On the bench, Justice Ngugi was joined by four other judges; Justice George Odinga, a leader in expanding the rights of the citizenry against an illiberal state bent on curtailing the rule of law. Justice Odunga is one of a small cadre of brilliant and courageous judges who are leading a judiciary long held captive by the executive overreach and corrupt cartels to a more independent posture.
The others on the bench included Justice Chacha Mwita, Teresia Matheka and Jairus Ngaah, have themselves been lauded for standing up to an executive prone to the abuse of power. The bench had been appointed by former Chief Justice David Maraga who had often clashed with Kenyatta for failing to carry out court orders.
Several of the court findings deserve special attention. The court agreed with the petitioners that the BBI initiative was irregular, illegal and unconstitutional. First, in the televised ruling, the judges held that Kenyatta had failed the integrity test of leadership and violated the norms contained in Chapter Six of the Constitution. This is significant because no one should hold office and is liable to impeachment if they do, once they are found in violation of Chapter Six. It is not clear what the political implication for Kenyatta is on this finding. The judges warned that Kenyatta could be sued in his individual capacity.
Secondly, the judges also rubbished the five million votes collected from citizens by the BBI task force to support the referendum push. They ruled that the initiative was not stated, or led, by citizens. The court ruled that only the people could initiate and conduct a process to amend the constitution through a referendum.
Thirdly, the judges hold held that the Independent Electoral and Boundaries Commission was not properly constituted as several of its members had resigned thus lacked quorum to conduct any legal business. As such, any decisions that the IEBC had taken, or would take, on the BBI process were null and void
Fourthly, the court ruled that only a people-driven initiative, as opposed to a state-driven exercise, can change the fundamental architecture of the Constitution. Only the people have the power to fundamentally reconstitute the state either through enacting a wholly new constitution or carrying out deep reforms of the extent one. This preserves the notion of popular sovereignty. The court held that parliament did not have the power to allocate 70 more constituencies in the BBI. The judges ruled that only the IEBC and no other entity could allocate new constituencies.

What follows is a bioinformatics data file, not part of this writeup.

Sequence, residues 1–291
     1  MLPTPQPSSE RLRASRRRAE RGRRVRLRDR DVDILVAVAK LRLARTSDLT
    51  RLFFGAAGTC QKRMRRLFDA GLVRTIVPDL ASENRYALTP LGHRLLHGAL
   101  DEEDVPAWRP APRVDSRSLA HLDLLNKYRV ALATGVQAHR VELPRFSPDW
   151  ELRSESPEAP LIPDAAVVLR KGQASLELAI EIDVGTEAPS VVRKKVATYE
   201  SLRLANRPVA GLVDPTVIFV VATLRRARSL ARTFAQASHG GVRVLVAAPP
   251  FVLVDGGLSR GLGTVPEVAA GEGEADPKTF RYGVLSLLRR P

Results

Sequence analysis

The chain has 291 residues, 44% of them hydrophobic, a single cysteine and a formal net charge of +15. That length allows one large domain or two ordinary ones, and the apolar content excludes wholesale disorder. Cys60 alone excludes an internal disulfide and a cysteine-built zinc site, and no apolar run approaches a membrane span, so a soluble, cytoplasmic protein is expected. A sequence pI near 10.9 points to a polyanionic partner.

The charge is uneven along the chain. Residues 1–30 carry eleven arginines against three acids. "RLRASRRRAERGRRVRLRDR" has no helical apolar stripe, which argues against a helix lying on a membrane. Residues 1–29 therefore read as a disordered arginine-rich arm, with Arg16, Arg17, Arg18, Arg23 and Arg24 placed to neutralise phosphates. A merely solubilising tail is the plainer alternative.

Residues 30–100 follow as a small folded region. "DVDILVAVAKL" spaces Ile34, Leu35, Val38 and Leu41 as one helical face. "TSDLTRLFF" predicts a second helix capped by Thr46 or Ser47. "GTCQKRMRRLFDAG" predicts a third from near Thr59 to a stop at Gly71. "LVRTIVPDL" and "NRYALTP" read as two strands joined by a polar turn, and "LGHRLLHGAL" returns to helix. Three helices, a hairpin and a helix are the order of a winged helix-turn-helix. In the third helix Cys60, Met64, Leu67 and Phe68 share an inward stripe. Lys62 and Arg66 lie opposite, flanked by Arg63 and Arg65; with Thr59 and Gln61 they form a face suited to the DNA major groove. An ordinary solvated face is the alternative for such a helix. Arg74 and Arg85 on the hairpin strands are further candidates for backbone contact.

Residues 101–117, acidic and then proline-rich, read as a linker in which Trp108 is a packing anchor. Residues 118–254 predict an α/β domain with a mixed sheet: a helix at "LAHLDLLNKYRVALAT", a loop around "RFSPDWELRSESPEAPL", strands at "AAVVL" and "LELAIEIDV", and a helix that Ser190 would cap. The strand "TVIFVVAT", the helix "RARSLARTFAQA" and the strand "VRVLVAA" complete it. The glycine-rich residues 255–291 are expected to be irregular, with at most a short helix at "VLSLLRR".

For now, the state and the supporters and the backers of the BBI have gone to the Court of Appeal seeking to overturn the High Court’s historic ruling. It is anyone’s guess what the appellate process will yield. Anything is possible given the capture of large sections of the judiciary by the executive. The appeal ruling to be made later in August could result in a reversal in whole or in part, of the High Court ruling. Or it could wholly reaffirm the lower Courts ruling.
One thing is undeniable; it is now an open question whether a referendum is even feasible given the election calendar in 2022. Time may simply run out on the BBI clock.
Ruto and his supporters had celebrated the high court ruling. For Kenyatta and Odinga, the dim prospects of the Bill process could upend any succession plans that they might have hatched together. Political analysts believe that Kenyatta could endorse Odinga for the presidency in 2022 against his deputy, Ruto.
The BBI agenda could have been an important calculus in that matrix. One of its proposals was to expand the executive to include a prime minister and two deputy prime ministers. These offices would have been an important aspect to bring on board a broader ethnic coalition of major communities to support Odinga. Kenyatta and his family and the political orbit cannot risk a Ruto presidency because of the bad blood between two men. BBI for him is a do or die proposition. Will the courts rescue or sink him?
The writer is a politics commentator based in Nakuru, Kenya.
Cover image courtesy of PSCU/File